Overall crime in the city of Federal Way is down 10 percent in the first 10 months of 2017 compared with the same period last year, according to Federal Way Police officials.
From January to October 2017, there were 7,625 crimes reported in the city, compared with 8,493 in the first 10 months of 2016.
In particular, quality of life crimes – which include residential burglary, auto theft, larceny, forgery and vandalism – are all down.
“Crime numbers fluctuate for various reasons,” Federal Way Police Chief Andy Hwang said. “There’s variable factors that might influence it. As an organization, we are very pleased that this year our crime numbers are trending downward.”
In 2017, 329 residential burglaries have been reported, compared with 348 last year, a decrease of 5 percent. There were 3,531 reports of larceny in 2016 compared with 3,132 this year, an 11 percent decrease. Motor vehicle theft is down by 17 percent, with 783 reported this year and 941 last year. There were 150 reports of counterfeit/forgery in 2016 and 109 this year for a 27 percent decrease. Vandalism reports are down to 710 for 2017 from 881 last year, a 19 percent change.
“We care about the quality of life for residents, and to see that changing, that’s a good thing,” Federal Way Police Department spokeswoman Cathy Schrock said.
Hwang said the decreases aren’t by accident as the department has placed an emphasis on reducing these types of crime.
“Our people have done really good work this year to when we identify a problem location or area, there is some science to what we do we look at. What are the crime trends? What are the issues?” Hwang said. “We try to focus our energy or resources to that area. I think we have had some positive impact.”
Crime analysts constantly monitor data to recognize trends, and command staff are looking for ways to curb any heading in the wrong direction.
This year, data showed an increase in the number of vehicle thefts at the Federal Way Transit Center.
“We saw a pattern at the Transit Center where it had not been an issue for stolen cars, and all of the sudden we were like somebody must have gotten out of jail or somebody did something,” Schrock said. “We were like let’s raise up the awareness, let’s talk to King County Metro.”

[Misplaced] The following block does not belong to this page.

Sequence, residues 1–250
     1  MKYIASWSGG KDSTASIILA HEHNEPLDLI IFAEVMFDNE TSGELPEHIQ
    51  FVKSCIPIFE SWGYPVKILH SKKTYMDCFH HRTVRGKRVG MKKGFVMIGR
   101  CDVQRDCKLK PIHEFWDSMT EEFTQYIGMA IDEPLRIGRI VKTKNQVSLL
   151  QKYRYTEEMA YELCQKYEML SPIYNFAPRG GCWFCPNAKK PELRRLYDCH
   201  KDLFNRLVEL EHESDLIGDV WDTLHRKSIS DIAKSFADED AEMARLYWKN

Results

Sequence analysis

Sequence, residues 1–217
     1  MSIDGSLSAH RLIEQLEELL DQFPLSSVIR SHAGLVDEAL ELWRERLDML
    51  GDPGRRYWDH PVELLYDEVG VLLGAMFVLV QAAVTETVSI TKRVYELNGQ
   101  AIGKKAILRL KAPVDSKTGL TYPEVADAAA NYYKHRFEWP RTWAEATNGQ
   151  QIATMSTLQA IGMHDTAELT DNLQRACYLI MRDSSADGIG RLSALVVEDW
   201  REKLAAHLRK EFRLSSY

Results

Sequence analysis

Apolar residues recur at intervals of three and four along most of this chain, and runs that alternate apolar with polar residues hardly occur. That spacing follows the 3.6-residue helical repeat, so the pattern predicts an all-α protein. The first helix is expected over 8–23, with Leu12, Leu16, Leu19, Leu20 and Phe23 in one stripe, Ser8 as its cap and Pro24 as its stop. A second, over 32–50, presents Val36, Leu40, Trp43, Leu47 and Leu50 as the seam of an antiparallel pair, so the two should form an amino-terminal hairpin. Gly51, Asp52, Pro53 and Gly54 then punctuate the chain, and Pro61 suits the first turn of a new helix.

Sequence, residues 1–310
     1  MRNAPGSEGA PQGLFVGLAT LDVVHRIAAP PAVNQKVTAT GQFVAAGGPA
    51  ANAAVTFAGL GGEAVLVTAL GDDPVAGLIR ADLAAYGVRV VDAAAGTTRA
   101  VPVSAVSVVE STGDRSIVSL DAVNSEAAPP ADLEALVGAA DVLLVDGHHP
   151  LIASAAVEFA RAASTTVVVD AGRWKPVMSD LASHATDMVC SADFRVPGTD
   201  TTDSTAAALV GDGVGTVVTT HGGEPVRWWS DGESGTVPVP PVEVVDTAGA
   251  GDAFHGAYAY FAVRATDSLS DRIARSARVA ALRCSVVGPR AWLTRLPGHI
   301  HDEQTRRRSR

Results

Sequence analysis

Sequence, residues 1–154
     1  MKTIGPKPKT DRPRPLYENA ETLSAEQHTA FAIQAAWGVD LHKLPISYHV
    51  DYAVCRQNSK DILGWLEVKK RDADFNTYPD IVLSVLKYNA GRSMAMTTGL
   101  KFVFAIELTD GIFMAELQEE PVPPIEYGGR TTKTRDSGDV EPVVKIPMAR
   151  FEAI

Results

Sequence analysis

With increased patrols in the area, four people were arrested, and the number of thefts went back down to around zero, Schrock said.
Using Automated License Plate Readers on three of the city’s patrol cars has also helped curb vehicle theft, Schrock said.
The system works by using cameras on a patrol car to scan license plate numbers as the officer drives by vehicles and then runs them through state and national databases. Officers are notified if the cars are registered as stolen.
“Over the past few years, we have really made a positive impact with this technology because we are finding stolen cars,” Schrock said. “Sometimes they are stolen from another city, or we are catching them driving.”
The technology, which has been in place in the city for about four years, is more effective than the old system of using bait cars to catch thieves or having officers manually run plates of vehicles they suspect might be stolen, Schrock said.
FWPD works with other agencies and organizations in the city to address crime, Hwang said.
“What we like about Federal Way is that it is a community approach,” he said. “I know when it comes to crime, the police department certainly plays an important role, but in order to have a safe and secure community, every discipline has to work together. When we think about schools, having good schools is important to the over health of the community. Social agencies, for example, we work with them, whether it is the faith community or so forth.”
There were eight murders in the first 10 months of 2016, compared with six through October of this year. There was one in November of this year, bringing the total to seven so far for 2017. In 2016, there were nine homicides.
Four of last year’s homicides, including three that occurred within 48 hours, were committed by one person, Hwang said.
“Some of the killings were random, which is very unusual,” Hwang said.
None this year have been random, and four were domestic violence related, Hwang said.
“We are seeing what we typically see,” he said. “This year it is definitely quieter.”